It’s important to apply a thin layer on the skin and not fall into excesses. This last practice could increase the incidence of adverse effects.

Glycolic acid is used in concentrations ranging from 20 to 70% on all skin types. The concentration varies, depending on what you want to treat and the severity of the problem. Thus, it can provide a very superficial peel or a deeper one.

The higher the glycolic acid concentration and the lower the pH in a product, the more intense the peel will be. This is reserved for conditions that reach deeper layers of the skin.

As stated in the review cited above:

  • Before applying glycolic acid, a dermatologist should evaluate the skin.
  • Once approved as a treatment, you can proceed to its application. To do this, the skin must be clean.
  • Ideally, the skin should also be pre-treated (with topical retinoids or hydroquinone, for example) to make glycolic acid more effective, experts say.
  • The product is applied with cotton buds or with a brush sequentially, starting with the forehead, left cheek, chin and right cheek to cover the entire face.
  • The areas around the eyes, nasal mucosa and lips should be avoided.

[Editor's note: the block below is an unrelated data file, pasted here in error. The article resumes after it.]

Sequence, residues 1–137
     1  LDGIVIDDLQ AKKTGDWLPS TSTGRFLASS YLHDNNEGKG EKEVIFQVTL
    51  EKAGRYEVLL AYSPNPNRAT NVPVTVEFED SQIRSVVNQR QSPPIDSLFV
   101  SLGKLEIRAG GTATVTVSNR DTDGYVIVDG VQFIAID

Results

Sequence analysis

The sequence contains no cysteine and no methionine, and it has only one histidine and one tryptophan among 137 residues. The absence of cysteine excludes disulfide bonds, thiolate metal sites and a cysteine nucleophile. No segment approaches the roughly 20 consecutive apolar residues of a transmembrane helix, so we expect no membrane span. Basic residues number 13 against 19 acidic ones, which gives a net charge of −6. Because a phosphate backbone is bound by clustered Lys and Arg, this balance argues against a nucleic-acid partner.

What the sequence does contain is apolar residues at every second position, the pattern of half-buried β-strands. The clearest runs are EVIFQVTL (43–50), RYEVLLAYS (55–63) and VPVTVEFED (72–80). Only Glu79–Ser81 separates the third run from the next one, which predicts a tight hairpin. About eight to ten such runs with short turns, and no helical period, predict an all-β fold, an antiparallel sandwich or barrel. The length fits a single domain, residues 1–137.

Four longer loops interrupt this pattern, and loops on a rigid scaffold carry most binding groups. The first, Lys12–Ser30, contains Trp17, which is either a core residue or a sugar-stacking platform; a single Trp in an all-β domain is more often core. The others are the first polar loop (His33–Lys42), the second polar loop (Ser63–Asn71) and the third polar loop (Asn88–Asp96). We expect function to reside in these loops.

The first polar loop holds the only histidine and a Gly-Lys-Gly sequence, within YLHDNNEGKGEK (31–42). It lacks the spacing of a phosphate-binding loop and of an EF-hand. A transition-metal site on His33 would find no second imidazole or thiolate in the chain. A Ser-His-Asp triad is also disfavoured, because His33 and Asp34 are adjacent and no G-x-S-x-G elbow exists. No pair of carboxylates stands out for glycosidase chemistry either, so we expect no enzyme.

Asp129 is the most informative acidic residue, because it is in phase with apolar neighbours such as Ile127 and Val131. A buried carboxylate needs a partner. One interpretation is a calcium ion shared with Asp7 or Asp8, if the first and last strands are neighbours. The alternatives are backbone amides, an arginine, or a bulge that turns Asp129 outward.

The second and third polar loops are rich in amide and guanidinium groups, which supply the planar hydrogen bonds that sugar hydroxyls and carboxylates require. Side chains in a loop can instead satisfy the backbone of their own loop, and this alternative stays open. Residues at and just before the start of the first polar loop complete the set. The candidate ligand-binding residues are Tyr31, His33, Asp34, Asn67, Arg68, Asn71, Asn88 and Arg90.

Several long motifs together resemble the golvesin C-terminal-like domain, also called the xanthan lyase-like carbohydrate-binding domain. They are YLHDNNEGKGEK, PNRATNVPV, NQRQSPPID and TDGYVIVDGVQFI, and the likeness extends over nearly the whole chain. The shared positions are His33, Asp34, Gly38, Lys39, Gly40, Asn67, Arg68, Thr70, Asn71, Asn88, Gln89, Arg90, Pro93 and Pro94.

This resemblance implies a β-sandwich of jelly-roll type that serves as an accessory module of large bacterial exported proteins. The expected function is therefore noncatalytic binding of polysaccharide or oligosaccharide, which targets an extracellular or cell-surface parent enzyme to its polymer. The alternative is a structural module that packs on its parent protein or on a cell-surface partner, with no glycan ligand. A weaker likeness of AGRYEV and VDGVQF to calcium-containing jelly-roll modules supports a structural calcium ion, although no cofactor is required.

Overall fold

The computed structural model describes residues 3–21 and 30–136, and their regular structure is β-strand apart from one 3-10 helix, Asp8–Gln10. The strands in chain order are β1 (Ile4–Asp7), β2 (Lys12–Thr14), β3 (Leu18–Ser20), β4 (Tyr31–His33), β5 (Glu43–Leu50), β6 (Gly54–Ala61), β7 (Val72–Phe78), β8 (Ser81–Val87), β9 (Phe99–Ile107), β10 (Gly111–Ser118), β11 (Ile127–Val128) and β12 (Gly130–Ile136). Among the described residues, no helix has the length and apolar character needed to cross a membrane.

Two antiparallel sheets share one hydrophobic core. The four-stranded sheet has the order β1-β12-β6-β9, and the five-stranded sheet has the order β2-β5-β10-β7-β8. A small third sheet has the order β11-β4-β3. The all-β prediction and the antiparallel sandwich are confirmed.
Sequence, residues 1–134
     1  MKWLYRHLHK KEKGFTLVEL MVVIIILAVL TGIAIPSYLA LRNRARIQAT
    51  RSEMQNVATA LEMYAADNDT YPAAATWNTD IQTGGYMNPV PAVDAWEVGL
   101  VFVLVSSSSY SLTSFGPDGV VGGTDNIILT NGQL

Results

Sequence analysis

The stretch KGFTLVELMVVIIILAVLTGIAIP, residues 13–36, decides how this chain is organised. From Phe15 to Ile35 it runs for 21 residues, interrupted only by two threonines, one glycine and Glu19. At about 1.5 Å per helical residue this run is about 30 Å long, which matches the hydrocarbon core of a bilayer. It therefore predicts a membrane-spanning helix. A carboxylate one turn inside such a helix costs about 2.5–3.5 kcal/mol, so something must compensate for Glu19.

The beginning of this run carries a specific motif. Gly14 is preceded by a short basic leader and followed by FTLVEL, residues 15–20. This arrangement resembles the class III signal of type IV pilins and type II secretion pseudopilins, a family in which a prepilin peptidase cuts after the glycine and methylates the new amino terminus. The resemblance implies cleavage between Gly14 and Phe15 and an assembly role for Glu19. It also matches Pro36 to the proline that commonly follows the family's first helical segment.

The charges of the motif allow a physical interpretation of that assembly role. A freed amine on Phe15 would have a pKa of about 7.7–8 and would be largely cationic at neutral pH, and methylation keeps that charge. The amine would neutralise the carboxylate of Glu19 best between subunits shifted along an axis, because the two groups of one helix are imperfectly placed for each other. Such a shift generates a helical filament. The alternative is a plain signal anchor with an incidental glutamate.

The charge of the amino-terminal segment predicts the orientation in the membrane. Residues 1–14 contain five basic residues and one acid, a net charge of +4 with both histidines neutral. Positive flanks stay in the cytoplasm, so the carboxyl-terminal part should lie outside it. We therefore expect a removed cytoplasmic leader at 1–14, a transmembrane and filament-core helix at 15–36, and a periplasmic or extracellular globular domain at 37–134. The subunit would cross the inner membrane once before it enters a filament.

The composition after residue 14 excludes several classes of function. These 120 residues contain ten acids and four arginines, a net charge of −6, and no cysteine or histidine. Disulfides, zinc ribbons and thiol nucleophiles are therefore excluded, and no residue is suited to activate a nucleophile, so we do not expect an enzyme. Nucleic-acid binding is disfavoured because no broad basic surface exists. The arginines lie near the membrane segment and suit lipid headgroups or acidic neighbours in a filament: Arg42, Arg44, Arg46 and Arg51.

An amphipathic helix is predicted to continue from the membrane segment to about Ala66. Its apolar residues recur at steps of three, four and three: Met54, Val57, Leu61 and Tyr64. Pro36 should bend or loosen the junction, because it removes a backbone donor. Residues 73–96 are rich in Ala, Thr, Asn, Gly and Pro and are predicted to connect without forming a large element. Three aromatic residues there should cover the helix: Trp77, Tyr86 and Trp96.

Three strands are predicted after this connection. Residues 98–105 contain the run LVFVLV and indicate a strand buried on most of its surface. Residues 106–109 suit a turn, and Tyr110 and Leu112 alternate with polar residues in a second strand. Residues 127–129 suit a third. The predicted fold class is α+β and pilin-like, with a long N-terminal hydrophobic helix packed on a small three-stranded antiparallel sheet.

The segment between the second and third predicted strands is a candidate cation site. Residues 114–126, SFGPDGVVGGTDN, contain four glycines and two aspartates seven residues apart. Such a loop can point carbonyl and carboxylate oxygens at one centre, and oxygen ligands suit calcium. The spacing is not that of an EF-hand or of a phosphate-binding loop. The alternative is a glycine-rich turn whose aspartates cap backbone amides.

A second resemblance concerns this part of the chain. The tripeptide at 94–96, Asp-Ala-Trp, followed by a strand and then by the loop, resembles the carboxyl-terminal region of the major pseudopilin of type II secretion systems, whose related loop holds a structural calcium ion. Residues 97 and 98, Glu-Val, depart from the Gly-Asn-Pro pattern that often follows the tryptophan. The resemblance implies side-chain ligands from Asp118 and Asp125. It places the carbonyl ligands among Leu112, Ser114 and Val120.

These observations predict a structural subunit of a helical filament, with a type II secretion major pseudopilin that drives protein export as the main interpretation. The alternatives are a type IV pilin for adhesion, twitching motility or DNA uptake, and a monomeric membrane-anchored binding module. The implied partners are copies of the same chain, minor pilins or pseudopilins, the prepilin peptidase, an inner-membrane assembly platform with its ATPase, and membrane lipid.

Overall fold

Final recommendations

If you have never used glycolic acid and you have doubts about how to do it safely, despite what the instructions of the products indicate or what the pharmacist may indicate, it is best that you go to the dermatologist.

The specialist will be able to indicate the most appropriate option for your case and indicate what else you should take into account to ensure that the product provides the desired results.

On the other hand, if you have already started using a product with glycolic acid for a while and still don’t notice any improvement, then consult a specialist. You may require a different concentration than the one you are using, or you may need to apply the product in combination with some other treatment.

Finally, keep in mind that, regardless of your case, the most important thing is that you should be patient with the treatments you apply. Keep in mind that some may take more than 3-4 weeks to provide results and that their effectiveness also depends on adhering to the specialist’s instructions.

  • Guerra Tapia, Aurora, Raúl de Lucas Laguna, José Carlos Moreno Giménez, Montserrat Pérez López, Ii Miquel Ribera Pibernat, Elena Martínez Prats, Rosa Senan Sanz, José Casas Rivero, and Universitario La Paz Madrid. 2015. “Consensus in the Topical Treatment of Acne.” Med Cutan Iber Lat Am. Vol. 43.

  • Rosa María Coro-Antich, Nelvys Subirós Martínez, and Varela y Carlos Domínguez-Álvarez. 2000. “Dermoabrasión con ácido glicólico sobre la piel facial.” Comunicaciones | Congreso Virtual Hispanoamericano de Anatomía Patológica.

  • Sharad J. Glycolic acid peel therapy – a current review. Clin Cosmet Investig Dermatol. 2013 Nov 11;6:281-8. doi: 10.2147/CCID.S34029. PMID: 24399880; PMCID: PMC3875240.
  • Varios. 2019. “Tratamiento Del Acné.” Boletín Terapéutico Andaluz 34 (4): 38–48.

  • Zaenglein, Andrea L., Arun L. Pathy, Bethanee J. Schlosser, Ali Alikhan, Hilary E. Baldwin, Diane S. Berson, Whitney P. Bowe, et al. 2016. “Guidelines of Care for the Management of Acne Vulgaris.” Journal of the American Academy of Dermatology 74 (5): 945-973.e33.